As demand for fuel falls, gas prices and output also take a hit

Global producers of liquefied natural gas are facing pressure to cut supply as prices plunge.

Although lockdowns are starting to ease in places such as China and South Korea, containment policies elsewhere have added to a decline in demand for gas [File: Issei Kato/Reuters]
Although lockdowns are starting to ease in places such as China and South Korea, containment policies elsewhere have added to a decline in demand for gas [File: Issei Kato/Reuters]

With economies worldwide grinding to a halt as virus-containment measures take their toll, oil is not the only fossil fuel to have suffered a steep decline in prices.

Demand from the world’s biggest buyers of liquefied natural gas (LNG) has plunged, dragging Asia’s spot prices to record lows and forcing some suppliers to start cutting output.

The world’s biggest LNG markets – Japan, China, South Korea and India – are all seeing a drop in demand for gas used in power generation, heating, cooking, vehicles and chemical manufacture. 

Asia’s spot LNG prices dropped to $1.85 per million British thermal units (mmBtu) last week, the lowest ever, as cargoes have flooded the market.

“At prices in the $2/mmBtu range … some producers are getting close to not recovering cash costs of their operations. We are likely to see some producers start to ‘shut in’ (production),” said Alex Dewar, a senior manager at the centre for energy impact at Boston Consulting Group (BCG).

Even in markets where lockdowns are starting to ease, such as in China and South Korea, containment policies elsewhere are hampering manufacturing exports and dragging on recoveries.

Oil prices that hit two-decade lows in April and are down more than 50 percent since end-2019 have exacerbated the problem. Asia – which takes 70 percent of global LNG exports – still buys most of its LNG in long-term contracts linked to oil prices. There is typically a lag of three to six months before the drop in oil prices is felt by buyers and sellers.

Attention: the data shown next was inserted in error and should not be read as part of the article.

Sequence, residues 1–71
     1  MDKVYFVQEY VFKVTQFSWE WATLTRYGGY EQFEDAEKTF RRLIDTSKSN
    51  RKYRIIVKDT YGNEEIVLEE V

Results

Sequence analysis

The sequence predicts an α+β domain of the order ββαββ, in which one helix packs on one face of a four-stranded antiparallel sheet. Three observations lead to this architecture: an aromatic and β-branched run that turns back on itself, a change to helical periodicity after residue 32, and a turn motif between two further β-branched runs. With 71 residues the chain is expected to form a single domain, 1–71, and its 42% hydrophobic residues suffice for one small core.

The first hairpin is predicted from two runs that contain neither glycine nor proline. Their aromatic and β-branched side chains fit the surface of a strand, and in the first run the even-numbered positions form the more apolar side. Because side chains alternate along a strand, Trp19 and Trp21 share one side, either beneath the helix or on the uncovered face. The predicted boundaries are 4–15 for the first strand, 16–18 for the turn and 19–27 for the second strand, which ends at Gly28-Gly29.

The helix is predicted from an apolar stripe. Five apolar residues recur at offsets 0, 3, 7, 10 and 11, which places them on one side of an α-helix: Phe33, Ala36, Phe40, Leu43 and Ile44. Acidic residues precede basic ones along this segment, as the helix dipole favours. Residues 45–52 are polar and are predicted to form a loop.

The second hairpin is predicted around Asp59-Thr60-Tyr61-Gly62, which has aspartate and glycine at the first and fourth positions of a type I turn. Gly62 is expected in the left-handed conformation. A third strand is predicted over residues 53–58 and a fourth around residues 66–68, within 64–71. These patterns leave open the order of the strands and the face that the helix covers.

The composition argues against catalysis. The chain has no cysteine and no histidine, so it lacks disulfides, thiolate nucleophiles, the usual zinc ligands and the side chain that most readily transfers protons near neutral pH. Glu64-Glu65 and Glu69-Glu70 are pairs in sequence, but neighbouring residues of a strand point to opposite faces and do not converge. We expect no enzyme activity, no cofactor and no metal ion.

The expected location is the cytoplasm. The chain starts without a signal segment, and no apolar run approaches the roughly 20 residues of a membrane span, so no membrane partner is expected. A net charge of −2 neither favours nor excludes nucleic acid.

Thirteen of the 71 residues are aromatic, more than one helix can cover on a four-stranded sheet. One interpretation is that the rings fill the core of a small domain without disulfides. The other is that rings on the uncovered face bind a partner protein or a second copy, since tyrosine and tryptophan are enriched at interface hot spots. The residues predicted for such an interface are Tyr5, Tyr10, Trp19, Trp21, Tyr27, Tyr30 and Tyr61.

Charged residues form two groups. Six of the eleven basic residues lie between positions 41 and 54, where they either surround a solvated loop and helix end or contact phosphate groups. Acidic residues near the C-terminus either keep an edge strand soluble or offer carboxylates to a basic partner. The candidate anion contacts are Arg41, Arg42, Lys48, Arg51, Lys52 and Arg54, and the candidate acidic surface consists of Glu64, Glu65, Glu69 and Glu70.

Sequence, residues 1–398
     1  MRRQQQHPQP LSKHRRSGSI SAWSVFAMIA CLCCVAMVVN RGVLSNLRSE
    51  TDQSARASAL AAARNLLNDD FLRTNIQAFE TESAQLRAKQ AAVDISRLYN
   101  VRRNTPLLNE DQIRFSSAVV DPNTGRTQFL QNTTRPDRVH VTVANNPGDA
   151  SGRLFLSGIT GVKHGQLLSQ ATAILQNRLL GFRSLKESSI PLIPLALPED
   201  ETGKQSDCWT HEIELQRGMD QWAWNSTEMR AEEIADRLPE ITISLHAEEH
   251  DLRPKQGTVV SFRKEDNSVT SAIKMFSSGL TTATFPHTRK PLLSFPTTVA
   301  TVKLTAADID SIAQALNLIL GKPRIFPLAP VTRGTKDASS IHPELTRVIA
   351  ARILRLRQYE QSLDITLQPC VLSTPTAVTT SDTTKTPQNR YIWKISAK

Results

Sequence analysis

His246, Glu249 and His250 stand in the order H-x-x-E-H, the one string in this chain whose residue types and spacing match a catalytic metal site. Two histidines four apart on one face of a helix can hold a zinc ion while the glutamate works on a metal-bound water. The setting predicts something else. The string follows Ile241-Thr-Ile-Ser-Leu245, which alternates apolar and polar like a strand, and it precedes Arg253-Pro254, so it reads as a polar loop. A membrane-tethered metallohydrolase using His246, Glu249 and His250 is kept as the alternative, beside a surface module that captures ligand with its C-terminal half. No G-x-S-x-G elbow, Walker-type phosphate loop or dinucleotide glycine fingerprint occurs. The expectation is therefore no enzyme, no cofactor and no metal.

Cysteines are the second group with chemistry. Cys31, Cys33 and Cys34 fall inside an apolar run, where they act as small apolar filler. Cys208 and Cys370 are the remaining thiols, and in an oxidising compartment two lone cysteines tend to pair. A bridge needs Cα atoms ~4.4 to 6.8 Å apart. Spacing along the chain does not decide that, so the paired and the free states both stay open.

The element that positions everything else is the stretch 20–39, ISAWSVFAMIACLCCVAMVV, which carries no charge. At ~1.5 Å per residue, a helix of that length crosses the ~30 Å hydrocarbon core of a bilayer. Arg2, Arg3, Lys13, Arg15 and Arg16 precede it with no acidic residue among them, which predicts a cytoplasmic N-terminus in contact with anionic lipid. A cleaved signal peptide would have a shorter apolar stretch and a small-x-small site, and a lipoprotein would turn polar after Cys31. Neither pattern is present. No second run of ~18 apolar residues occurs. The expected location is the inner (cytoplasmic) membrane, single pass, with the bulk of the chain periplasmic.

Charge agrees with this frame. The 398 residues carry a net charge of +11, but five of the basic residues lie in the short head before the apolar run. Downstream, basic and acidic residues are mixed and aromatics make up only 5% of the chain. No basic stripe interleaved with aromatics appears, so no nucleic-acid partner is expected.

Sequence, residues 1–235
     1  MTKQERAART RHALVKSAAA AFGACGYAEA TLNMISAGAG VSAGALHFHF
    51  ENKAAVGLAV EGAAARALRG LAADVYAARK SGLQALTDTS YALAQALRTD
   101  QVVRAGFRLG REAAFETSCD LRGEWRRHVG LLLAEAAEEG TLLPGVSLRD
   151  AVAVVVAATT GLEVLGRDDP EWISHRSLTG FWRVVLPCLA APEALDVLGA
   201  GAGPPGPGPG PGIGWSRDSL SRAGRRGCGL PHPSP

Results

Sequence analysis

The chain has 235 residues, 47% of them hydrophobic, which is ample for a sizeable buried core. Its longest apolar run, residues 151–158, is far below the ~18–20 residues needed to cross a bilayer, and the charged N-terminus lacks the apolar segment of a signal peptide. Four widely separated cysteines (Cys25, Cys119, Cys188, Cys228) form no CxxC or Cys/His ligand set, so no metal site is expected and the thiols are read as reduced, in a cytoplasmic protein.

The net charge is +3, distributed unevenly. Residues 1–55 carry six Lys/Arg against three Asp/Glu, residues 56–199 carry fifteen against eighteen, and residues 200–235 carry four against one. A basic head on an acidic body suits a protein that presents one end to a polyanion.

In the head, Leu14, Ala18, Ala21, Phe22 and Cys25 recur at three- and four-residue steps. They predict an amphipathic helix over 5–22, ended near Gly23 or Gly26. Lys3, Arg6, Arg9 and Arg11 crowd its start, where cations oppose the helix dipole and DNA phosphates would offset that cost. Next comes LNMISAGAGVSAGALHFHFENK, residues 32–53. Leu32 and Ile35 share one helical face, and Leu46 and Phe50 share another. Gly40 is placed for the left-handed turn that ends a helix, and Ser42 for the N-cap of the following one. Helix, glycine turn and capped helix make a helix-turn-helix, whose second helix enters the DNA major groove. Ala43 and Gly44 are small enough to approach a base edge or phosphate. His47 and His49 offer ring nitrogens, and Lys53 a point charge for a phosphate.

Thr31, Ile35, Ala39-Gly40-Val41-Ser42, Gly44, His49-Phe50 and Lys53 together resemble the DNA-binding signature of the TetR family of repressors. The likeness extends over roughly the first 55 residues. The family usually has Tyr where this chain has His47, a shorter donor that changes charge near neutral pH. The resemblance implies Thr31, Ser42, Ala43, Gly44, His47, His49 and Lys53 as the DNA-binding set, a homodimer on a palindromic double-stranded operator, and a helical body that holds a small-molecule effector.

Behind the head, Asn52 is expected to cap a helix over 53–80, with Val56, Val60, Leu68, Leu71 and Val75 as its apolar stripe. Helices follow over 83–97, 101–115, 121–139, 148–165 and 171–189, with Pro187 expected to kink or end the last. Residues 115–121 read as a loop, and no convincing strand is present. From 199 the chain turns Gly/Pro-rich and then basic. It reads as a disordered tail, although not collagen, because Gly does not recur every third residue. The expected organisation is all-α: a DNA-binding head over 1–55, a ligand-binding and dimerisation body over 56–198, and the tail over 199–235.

Although oil prices have slowly picked up as US inventories swell less than expected, analysts predicted that future gains could be capped by the continuing glut in crude supplies as the coronavirus pandemic crushes fuel demand.

Brent crude was up on Thursday by 0.4 percent to $29.84 a barrel at 00:44 GMT, after falling earlier in the Asian session and dropping 4 percent on Wednesday.

US oil gained 0.8 percent to 24.18 a barrel after declining more than 2 percent in the previous session.

Consultancy Rystad Energy still expects global LNG demand to grow nearly 2 percent this year to 359 million tonnes, compared with a 2019 growth rate of about 13 percent, although this could change depending on the weather and how fast lockdowns are lifted.

Demand drop hits US producers

In the United States, where LNG is at the high end of the typical cost curve according to analysts from consultancy Bernstein, capacity utilisation and intake have already declined.

“Already we have seen US liquefaction capacity utilisation fall and some cargoes rejected,” BCG’s Dewar said, referring to the capacity used by US LNG producers.

Gas intake at US LNG plants fell to 8.1 billion cubic feet a day in April, just below total nameplate capacity but down from a high of 8.7 billion cubic feet a day in February, according to data from Refinitiv. US plants typically take in more than their stated capacities because gas is also used to run the facilities.

“Our customers have made some modifications to their production and cargo loading plans … in response to current market conditions, but Cameron LNG is not at liberty to discuss those details,” said Anya McInnis, spokeswoman at Cameron LNG.

Processors Freeport LNG and Kinder Morgan declined to comment on the operations of their customers, who pay US plant operators to process natural gas into LNG for export.

Those customers – including units of GAIL (India) Ltd, France’s Total, and Japan’s Sumitomo Corp and Mitsubishi Corp – did not immediately respond to requests for comment. Mitsui & Co Ltd said it could not comment on its deals.